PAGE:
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Lucore v. Bank of New York Mellon

United States District Court, S.D. California

April 13, 2017

STEVEN HARRY LUCORE, SR. and JUDY LYNNE LUCORE, Appellants,
v.
THE BANK OF NEW YORK MELLON fka THE BANK OF NEW YORK, AS TRUSTEE FOR THE CERTIFICATEHOLDERS CWALT, INC., ALTERNATIVE LOAN TRUST 2006-OA16, MORTGAGE PASS-THROUGH CERTIFICATES; et al., Appellees.

          ORDER GRANTING APPELLEES' MOTION TO DISMISS APPEAL AS UNTIMELY (DOC. NO. 4)

          Hon. Anthony J. Battaglia United States District Judge

         Presently before the Court is Appellees the Bank of New York Mellon (“BONY”), Recontrust Company, APG Fund I, LLC, and IGA Law, APLC's (collectively referred to as “Appellees”) motion to dismiss Appellants Steven and Judy Lucore's (“Appellants”) appeal of the bankruptcy court's Order dated December 6, 2016, as untimely. (Doc. No. 4.) Appellants oppose the motion. (Doc. No. 6.) Having reviewed the parties' moving papers and controlling legal authority, and pursuant to Civil Local Rule 7.1.d.1, the Court finds the matter suitable for decision on the papers and without oral argument. For the reasons set forth below, the Court GRANTS Appellees' motion.

         BACKGROUND

         Appellants are Chapter 13 debtors and have filed three consecutive motions for contempt with the bankruptcy court prior to this appeal.[1] (Doc. No. 1 at 9.)[2] Appellants' motions for contempt requested that the bankruptcy court sanction BONY for a technical violation of an automatic stay that occurred on September 2, 2011, when BONY foreclosed on real property located at 6744 Maury Drive, San Diego, CA 92119 (the “Property”) on August 18, 2011, a week before Appellants filed their bankruptcy case. (Id.) Since BONY recorded the foreclosure deed post-petition, and one day later than state law requires, it technically violated the automatic stay. (Id.) Subsequently, BONY rescinded the foreclosure in July of 2013. (Id.)

         On September 27, 2016, Appellants filed their third motion for contempt. (Doc. No. 4-5 at 4.) On December 6, 2016, the bankruptcy court denied Appellants' motion for contempt as moot and annulled the automatic stay (the “Order”). (Id. at 3.) In coming to this conclusion, the bankruptcy court found Appellants' delay in bringing their motion was strategic, that BONY rescinded the sale thus there were no impacts on third parties, and found that Appellants had “aggressively attempted to exploit the bankruptcy process in four separate cases in an attempt to impermissibly thwart any interest BONY may have had in the property.” (Id. at 11-12.)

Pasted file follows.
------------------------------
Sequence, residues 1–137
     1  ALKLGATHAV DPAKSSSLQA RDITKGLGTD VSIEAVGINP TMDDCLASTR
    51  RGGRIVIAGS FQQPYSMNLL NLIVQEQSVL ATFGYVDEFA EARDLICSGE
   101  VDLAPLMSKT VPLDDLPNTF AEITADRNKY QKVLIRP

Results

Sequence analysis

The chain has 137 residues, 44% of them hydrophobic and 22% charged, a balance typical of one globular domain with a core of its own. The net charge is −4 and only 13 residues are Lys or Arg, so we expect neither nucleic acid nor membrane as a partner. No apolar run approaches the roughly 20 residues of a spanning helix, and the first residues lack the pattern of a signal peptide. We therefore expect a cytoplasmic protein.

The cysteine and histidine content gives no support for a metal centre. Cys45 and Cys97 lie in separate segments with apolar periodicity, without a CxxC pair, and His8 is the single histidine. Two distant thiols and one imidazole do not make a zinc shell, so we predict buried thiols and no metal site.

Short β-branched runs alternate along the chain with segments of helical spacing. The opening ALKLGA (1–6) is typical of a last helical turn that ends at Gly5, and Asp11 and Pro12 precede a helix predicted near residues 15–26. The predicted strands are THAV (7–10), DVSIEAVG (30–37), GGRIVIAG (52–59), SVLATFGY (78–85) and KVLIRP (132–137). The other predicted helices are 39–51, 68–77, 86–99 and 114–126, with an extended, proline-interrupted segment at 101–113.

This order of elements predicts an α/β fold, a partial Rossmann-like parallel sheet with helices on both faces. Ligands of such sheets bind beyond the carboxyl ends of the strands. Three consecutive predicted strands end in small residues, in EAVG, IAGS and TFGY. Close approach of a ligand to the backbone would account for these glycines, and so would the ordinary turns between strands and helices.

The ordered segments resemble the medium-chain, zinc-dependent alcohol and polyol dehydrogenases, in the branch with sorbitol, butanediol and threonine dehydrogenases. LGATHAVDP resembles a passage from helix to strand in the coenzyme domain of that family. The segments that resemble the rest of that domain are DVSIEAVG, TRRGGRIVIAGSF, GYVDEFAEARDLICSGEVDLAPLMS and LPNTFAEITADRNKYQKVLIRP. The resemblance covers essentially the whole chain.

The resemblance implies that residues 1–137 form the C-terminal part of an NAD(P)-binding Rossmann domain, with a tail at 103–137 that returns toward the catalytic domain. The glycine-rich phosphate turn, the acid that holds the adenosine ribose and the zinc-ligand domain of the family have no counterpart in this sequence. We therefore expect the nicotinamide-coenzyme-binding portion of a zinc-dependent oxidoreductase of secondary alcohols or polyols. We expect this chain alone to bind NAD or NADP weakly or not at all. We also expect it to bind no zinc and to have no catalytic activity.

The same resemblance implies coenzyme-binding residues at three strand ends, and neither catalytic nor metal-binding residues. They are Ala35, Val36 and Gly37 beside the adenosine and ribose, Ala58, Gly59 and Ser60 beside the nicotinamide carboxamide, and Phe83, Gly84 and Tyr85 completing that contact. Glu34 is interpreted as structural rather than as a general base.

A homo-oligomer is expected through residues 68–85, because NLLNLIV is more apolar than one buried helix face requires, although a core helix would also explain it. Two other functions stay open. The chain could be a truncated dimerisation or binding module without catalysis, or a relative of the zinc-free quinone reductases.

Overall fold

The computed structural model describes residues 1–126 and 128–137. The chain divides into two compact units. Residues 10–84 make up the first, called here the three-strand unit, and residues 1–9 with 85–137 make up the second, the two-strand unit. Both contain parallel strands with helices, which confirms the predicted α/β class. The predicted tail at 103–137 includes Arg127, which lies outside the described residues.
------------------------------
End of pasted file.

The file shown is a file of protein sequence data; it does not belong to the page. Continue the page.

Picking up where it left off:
On December 5, 2016, Appellants state that they received Appellees' proposed form of order, which they believe was placed in the mail on November 28, 2016. (Doc. No. 6 at 5.) As the time to respond to this proposed form had past, Appellants filed a request for extension of time to respond to Appellees' motion on December 6, 2016. (Id.)

         Appellants then went on vacation from December 20, 2016, through December 24, 2016. (Id.) It wasn't until they returned home, that they found the Order and subsequently filed their notice of appeal on December 27, 2016, with this Court. (Id.; Doc. No. 1.) Appellants assert that the Order had still not been amended according to the pending disputes between the parties. (Doc. No. 6 at 5.) Appellees then filed the present motion, its motion to dismiss the appeal as untimely on January 24, 2017. (Doc. No. 4.) Appellants filed an opposition, (Doc. No. 6), and Appellees replied. (Doc. No. 7.) This order follows.

         LEGAL STANDARD

         Rule 8002 of the Federal Rules of Bankruptcy Procedure provides that:

(1) Except as provided in subdivisions (b) and (c), a notice of appeal must be filed with the bankruptcy clerk within 14 days after entry of judgment, order, or decree being appealed.
(2) A notice of appeal filed after the bankruptcy court announces a decision or order-but before entry of the judgment, order, or decree-is treated as filed on the date of and after the entry.

         Fed. R. Bankr. P. 8002(a)(1)-(2). The Ninth Circuit specifies that though Rule 8002 is “not rigid, ” see In re Nucorp Energy, Inc., 812 F.2d 582, 584 (9th Cir. 1987), its time provisions are still “strictly enforce[d].” In re Delaney, 29 F.3d 516, 518 (9th Cir. 1994) (citation omitted). Moreover, the timely appeal requirement is jurisdictional, so a failure to file a timely notice of appeal is considered a jurisdictional defect that bars appellate review. See Wiersma v. Bank of the W. (In re Wiersma), 483 F.3d 933, 938 (9th Cir. 2007).

         A court can extend the deadline by 20 days if the court is convinced that there has been a showing of excusable neglect by the party who filed late. Warrick v. Birdsell (In re Warrick), 278 B.R. 182, 185 (B.A.P. 9th Cir. 2002). Excusable neglect pardons a late filing if the movant is prevented from complying with the deadline by “an act of God or some other circumstance beyond [the movant's] control.” Pioneer Inv. Servs. v. BrunswickAssocs. Ltd. P'ship, 507 U.S. 380, 394 (1993). The Ninth Circuit Court of Appeals has emphasized that the district court is best situated to make an excusable neglect determination during an appeal because they are in a better position to evaluate factors such as “whether the lawyer had otherwise been diligent, the propensity of the other side to capitalize on petty mistakes . . . and the likelihood of injustice if the appeal is not allowed.” Pincay v. Andrews, 389 F.3d 853, 859 (9th Cir. 2004). ...


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